The Parable of The Talents by Willem de Poorter. Photo: Wikimedia Commons
The second last gospel of the liturgical year is also the second last parable in St Matthew’s gospel before Jesus suffers his Passion. We are coming to an end in several senses.
The gospel focus is on the second coming of Christ: the first Christians thought it was imminent and St Paul in his letter to the Thessalonians had to deal with issues of death and resurrection and the second coming
Several parables over the last few Sundays have also dealt with the coming of Christ, in the sense that the second coming is not upon us, still we are urged to be watchful, alert to the presence of Jesus coming into our lives. He does reveal his presence, but will not batter our sensibilities to prove it.
The parable today intrigues.
The Jewish people at that time understood the economy as one in which all the money and goods that existed were already present. No capitalism, no idea of ‘making’ money.
The two slaves who made more money for the absent landlord meant that someone somewhere had to lose, or have their money diminished. The basic understanding then was that money only increased through inheritance or theft.
A case can be made for the third slave as the proper one because in burying the talent he would have been upholding the law of Moses since the Jews did not believe in usury. He was the righteous slave. Yet he is punished and cast out into the darkness by order of the landlord (who does not represent Christ)?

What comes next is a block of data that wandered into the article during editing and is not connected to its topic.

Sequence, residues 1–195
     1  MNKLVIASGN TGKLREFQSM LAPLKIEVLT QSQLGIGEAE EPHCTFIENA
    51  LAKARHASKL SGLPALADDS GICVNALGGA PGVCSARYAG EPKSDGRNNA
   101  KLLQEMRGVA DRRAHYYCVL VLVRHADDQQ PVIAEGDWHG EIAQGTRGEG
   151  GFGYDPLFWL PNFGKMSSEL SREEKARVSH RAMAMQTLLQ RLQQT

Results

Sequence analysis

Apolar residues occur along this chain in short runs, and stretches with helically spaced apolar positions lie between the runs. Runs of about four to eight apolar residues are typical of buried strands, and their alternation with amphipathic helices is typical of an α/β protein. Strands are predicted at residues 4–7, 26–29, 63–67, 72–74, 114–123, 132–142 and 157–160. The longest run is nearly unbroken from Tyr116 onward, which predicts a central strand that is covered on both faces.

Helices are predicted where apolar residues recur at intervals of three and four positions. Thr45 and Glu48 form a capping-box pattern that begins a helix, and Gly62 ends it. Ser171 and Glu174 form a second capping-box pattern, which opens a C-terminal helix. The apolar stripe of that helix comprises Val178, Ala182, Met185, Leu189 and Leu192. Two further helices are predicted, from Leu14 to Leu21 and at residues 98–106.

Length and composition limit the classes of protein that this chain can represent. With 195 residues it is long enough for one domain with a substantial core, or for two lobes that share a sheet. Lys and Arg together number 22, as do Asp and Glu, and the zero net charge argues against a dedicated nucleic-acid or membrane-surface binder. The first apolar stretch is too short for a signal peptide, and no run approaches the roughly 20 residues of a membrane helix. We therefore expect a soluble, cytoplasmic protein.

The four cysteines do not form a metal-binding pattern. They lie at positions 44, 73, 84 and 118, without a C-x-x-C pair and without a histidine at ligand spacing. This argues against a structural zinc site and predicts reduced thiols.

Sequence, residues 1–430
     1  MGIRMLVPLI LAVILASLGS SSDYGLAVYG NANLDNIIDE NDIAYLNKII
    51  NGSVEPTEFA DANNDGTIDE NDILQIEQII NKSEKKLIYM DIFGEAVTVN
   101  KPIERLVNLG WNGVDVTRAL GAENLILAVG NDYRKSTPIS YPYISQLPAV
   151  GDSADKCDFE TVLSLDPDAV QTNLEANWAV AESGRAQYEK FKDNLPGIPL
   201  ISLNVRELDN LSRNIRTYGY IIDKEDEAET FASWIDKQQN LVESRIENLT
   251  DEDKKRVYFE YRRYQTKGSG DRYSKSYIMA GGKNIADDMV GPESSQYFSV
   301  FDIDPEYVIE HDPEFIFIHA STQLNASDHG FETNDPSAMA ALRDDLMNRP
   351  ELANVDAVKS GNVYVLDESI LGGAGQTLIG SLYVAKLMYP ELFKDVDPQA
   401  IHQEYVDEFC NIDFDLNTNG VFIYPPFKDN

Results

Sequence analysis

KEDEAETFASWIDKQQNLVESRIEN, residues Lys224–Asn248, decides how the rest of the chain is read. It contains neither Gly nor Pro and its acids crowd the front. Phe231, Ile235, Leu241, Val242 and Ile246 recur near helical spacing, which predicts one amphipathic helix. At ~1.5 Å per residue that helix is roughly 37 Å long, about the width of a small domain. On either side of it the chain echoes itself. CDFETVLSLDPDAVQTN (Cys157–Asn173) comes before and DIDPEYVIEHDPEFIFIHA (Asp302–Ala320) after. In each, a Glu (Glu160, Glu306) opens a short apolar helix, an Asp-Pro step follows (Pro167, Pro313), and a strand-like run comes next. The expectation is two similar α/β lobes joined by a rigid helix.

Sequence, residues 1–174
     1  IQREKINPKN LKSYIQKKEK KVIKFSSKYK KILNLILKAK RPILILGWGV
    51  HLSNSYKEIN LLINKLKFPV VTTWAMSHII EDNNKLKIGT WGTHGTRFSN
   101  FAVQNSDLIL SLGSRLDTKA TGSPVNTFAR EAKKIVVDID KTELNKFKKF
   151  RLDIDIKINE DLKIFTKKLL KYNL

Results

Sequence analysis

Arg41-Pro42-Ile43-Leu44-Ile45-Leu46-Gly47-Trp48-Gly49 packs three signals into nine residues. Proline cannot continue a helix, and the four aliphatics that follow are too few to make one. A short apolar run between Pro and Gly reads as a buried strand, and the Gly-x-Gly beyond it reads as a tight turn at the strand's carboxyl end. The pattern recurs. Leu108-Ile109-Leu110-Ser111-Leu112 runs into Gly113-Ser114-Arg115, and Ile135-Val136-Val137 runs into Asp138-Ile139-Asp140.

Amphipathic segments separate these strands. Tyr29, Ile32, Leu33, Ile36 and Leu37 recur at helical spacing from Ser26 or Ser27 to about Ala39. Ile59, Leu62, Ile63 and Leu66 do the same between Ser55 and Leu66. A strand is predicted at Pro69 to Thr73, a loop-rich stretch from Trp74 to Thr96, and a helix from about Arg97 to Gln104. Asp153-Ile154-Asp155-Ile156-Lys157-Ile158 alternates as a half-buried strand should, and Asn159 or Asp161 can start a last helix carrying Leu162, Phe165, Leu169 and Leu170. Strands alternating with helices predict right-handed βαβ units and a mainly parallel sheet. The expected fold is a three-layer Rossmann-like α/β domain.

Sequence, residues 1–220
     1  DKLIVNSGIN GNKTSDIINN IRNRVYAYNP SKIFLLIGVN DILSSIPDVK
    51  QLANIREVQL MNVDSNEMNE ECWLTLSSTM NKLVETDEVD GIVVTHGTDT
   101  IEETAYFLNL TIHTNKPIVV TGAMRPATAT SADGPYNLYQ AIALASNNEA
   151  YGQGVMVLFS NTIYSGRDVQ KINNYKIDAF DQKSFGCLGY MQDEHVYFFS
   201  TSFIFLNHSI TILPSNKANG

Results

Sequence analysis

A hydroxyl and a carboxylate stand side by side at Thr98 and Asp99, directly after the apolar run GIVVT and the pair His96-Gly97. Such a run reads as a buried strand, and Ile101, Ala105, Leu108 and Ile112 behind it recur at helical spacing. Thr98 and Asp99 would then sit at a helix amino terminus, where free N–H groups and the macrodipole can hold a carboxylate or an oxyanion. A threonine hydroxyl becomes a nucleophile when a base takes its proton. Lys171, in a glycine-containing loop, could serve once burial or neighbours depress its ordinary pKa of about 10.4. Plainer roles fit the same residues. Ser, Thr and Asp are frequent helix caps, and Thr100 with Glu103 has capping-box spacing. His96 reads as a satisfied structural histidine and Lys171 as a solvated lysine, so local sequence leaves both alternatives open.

The word ‘talent’ is also misleading. A talent was a very significant amount of money representing 15 years of a worker’s wages. It does not strictly apply to the’ talents’ of people, the initial meaning was a ‘large sum of money’.
Often absent landlords are described in history, as being ‘hard men’ as described in the gospel, lacking any interest except in the financial return on their property and finances. They were unmoved or condoned dreadful working conditions.
The two slaves are rewarded because they know how to please the master, they use his own unlawful methods; they are rewarded with greater responsibilities. The third slave who has buried the talent in the ground must know he will be punished and he is. Is this as some commentators say a man who resisted the unjust practice of usury and is willing to be punished by upholding God’s law as inscribed in the Torah?
Or is it as many commentators describe the parable today as this: God reveals Jesus to us and the gospels warn us to be aware of his intervention in our lives. We have been given talents to use for the Christian community as well as for ourselves and others. To refuse to use them leaves us outside the community in the darkness, out of the reach of God’s presence?
Or does the parable recognise the third slave as the righteous slave who is punished for refusing ungodly practices; that the early Christians expected persecution for their new ways of living? Parables intrigue.
Columban Fr Gary Walker is currently living at the Columban house in Sandgate, Brisbane.